Movies arrive so late here in Japan that they often come burdened with the weight of expectation. In the case of “The Act of Killing,” it comes in the wake of near universal critical acclaim, including a No. 1 spot on Sight & Sound magazine’s critics poll and an Academy Award nomination for best documentary. Could it be that good, I wondered, this doc about Indonesia’s political genocide between 1965-66?
“The Act of Killing” is a remarkable film, and one of the most disturbing I have ever seen. It’s impossible to watch this film and not walk out of the cinema with your mind racing at its implications; this film will leave you wondering if there’s any hope for mankind. It is a true journey into the heart of darkness.
In 2001-02, director Joshua Oppenheimer visited Indonesia for the first time, to explore issues of globalization and why its workforce remains powerless and exploited. He found that all paths led to the mass killing of suspected leftists in the mid ’60s, when roughly a million people were murdered, often by their neighbors. Oppenheimer tried to make a film about the victims, but even today, people are too scared to talk. So he changed tack and began making a film about the killers, who were only too happy to talk, even boast, about what they had done. Oppenheimer gave these elderly men cameras and other resources to make their own cinematic depiction of what they had done, using cinema as a mirror in the hope these men might see their own reflections.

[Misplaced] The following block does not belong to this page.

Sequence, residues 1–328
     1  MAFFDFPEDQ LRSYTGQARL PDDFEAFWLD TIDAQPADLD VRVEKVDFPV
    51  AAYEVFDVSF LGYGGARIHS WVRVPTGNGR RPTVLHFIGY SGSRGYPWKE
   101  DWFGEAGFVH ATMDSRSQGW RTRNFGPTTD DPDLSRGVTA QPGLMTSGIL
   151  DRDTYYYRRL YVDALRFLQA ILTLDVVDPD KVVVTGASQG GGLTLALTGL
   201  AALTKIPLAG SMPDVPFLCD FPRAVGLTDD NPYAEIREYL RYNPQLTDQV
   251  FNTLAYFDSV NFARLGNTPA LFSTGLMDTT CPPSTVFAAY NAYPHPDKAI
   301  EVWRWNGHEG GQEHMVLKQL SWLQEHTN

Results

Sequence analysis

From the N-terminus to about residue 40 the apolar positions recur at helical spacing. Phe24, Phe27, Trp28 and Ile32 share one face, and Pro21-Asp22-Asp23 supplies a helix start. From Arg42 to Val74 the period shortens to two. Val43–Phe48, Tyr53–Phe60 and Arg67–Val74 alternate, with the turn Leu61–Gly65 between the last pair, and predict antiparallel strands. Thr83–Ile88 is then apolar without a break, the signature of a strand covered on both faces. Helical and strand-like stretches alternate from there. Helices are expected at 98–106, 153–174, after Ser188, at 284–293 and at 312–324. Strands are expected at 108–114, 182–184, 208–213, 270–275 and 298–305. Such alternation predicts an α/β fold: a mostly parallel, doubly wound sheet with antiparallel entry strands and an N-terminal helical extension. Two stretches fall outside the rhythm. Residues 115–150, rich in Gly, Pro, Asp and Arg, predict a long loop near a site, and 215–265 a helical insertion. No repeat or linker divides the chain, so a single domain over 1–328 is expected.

The results are startling, and often surreal. (Which is probably why Werner Herzog signed on as executive producer.) What is one to make of Anwar Congo, a man who can show the filmmakers how he strangled victims to death with a wire apparatus — less blood that way — and then break into a jaunty little dance? Congo, one of several former vigilantes who appear in the film, has a ridiculously flashy fashion sense, loves American movies, and starts filming reenactments of his own experiences as a kind of gaudy spaghetti western musical, with his portly gangster friend Herman Koto often appearing in drag. The duo going bowling is a comical sight — they’re almost like The Dude and Walter in “The Big Lebowski” — and then you remember what Congo did and the laugh catches in your throat.
Oppenheimer follows Congo as he meets his compadres from the old days. Shockingly, they are newspaper publishers, governors, ministers; “respectable” men, with families, kids, and blood on their hands.
Congo and his friends re-enact scenes of torture, including the massacre of an entire village, women and children included, then go out and have drinks, and even show the footage to their grandchildren. During the film Congo alone admits to having nightmares, and it is his journey the viewer hangs on, the remote hope that even one of these bastards will have some inkling of the inhumanity of their actions. The ending will leave you speechless.